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A chuckwagon was originally a wagon that carried food and cooking equipment on the prairies of the United States
They would form a part of a wagon train of settlers or feed nomadic workers like cowboys or loggers.
"Chuck" was a slang term for food.
Chuckwagon food included easy-to-preserve items like beans and salted meats, coffee, and sourdough biscuits. During
the 1880s to 1890s the menu consisted of beans, beef, biscuits (sourdough type), salt pork, lick (molasses), rice,
dried fruit (mainly raisins, apples, and prunes), and, of course, coffee. Canned tomatoes, canned peaches, and
canned milk slowly became available on the northern rangeMontana, the Dakotas and Wyomingin the late 1880s; while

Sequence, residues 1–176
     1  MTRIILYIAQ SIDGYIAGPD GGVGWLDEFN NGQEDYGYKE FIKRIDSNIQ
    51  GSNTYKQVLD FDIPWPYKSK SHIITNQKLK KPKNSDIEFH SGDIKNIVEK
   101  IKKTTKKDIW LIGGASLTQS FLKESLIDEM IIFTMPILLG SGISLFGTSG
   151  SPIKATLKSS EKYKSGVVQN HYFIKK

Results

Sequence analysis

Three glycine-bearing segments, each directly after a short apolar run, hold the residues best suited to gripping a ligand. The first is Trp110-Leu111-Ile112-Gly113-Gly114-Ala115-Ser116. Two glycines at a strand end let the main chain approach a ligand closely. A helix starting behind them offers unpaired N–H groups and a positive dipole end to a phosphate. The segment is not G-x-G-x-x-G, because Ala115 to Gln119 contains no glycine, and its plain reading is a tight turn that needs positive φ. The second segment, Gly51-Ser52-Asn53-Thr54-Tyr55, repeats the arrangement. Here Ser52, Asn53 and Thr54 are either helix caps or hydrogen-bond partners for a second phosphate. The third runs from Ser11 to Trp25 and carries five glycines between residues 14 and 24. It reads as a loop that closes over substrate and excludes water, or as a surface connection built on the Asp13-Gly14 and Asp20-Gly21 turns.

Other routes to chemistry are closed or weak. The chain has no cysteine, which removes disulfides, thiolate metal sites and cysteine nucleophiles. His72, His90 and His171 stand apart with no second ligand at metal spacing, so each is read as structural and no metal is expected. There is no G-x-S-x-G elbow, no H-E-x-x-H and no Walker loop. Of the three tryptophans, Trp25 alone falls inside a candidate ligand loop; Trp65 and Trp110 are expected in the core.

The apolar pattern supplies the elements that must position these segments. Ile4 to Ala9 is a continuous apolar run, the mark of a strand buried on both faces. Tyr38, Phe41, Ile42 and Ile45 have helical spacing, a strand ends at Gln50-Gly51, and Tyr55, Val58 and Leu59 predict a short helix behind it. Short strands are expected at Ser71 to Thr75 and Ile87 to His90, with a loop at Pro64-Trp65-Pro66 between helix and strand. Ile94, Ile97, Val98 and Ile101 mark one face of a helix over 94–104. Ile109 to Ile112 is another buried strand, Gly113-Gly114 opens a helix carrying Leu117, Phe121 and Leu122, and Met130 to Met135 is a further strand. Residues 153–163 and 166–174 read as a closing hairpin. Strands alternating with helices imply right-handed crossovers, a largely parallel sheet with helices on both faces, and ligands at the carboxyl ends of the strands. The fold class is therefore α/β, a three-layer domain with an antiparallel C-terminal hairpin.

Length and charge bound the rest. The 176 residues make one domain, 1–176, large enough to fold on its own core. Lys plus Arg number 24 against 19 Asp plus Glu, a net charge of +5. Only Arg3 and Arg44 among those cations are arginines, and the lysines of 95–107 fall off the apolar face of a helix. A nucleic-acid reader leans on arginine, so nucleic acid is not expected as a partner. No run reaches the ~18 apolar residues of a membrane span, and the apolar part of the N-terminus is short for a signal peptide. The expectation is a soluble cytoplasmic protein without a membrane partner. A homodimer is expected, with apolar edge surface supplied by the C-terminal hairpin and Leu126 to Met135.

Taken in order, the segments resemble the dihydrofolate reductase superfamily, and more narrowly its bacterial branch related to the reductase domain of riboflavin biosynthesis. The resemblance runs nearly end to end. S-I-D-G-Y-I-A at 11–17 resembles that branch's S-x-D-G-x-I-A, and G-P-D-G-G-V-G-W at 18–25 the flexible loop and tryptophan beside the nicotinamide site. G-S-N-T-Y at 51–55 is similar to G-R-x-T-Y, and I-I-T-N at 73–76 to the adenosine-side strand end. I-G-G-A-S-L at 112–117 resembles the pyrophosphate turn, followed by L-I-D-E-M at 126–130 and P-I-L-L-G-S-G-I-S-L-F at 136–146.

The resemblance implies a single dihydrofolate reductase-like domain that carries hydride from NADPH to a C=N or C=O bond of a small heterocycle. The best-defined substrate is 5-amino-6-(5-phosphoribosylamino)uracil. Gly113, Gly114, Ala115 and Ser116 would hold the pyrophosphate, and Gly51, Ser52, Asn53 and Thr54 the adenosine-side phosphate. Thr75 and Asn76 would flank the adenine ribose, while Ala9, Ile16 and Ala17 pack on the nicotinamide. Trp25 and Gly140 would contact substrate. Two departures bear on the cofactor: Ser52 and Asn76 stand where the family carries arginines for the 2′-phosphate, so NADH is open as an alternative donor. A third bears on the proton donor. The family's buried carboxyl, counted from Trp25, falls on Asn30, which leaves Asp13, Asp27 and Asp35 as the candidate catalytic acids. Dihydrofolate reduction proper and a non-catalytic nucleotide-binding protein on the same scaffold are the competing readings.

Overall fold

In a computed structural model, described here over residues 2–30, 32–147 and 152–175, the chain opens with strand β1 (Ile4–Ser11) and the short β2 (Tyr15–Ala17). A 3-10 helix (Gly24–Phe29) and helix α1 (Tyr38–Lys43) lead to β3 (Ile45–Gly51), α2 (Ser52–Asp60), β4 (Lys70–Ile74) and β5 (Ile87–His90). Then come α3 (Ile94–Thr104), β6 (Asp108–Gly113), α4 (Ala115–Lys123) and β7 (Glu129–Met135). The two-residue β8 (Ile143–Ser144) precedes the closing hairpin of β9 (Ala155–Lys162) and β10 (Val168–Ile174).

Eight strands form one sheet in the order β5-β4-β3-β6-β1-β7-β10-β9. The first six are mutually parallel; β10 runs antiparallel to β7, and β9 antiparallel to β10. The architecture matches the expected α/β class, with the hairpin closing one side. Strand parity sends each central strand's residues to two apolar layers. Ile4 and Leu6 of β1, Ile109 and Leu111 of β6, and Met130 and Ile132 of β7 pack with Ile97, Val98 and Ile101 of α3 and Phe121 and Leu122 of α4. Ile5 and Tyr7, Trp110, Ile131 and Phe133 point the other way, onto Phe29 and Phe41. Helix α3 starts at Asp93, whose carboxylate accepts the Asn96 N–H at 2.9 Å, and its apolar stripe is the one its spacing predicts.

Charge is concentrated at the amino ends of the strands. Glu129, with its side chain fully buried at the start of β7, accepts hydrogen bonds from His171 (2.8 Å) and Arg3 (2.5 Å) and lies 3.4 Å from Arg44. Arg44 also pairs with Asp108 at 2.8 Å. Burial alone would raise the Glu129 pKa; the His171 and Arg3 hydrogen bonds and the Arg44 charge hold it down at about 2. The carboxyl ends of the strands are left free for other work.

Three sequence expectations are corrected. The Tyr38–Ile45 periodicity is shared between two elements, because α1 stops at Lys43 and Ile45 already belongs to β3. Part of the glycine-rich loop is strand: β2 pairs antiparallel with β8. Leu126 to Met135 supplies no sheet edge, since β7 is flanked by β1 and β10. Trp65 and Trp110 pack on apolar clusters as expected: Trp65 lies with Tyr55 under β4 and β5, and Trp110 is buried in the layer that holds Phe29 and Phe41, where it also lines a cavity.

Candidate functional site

the southern range did not start importing airtights until the late 1890s. Various spices and herbs were available
and used by many of the range cooks, even in the very early days, to give variety to the meals.
[source: National Park Service]
Recipes from Coos County Cupboards
Recipes we've indexed from Coos County cookbooks
(not just chuckwagon fare!)
Compiled by Robyn Greenlund for GenealogyTrails.com
has offered to do lookups for these books.
The Genealogy Trails Chuck Wagon started rolling in 2008
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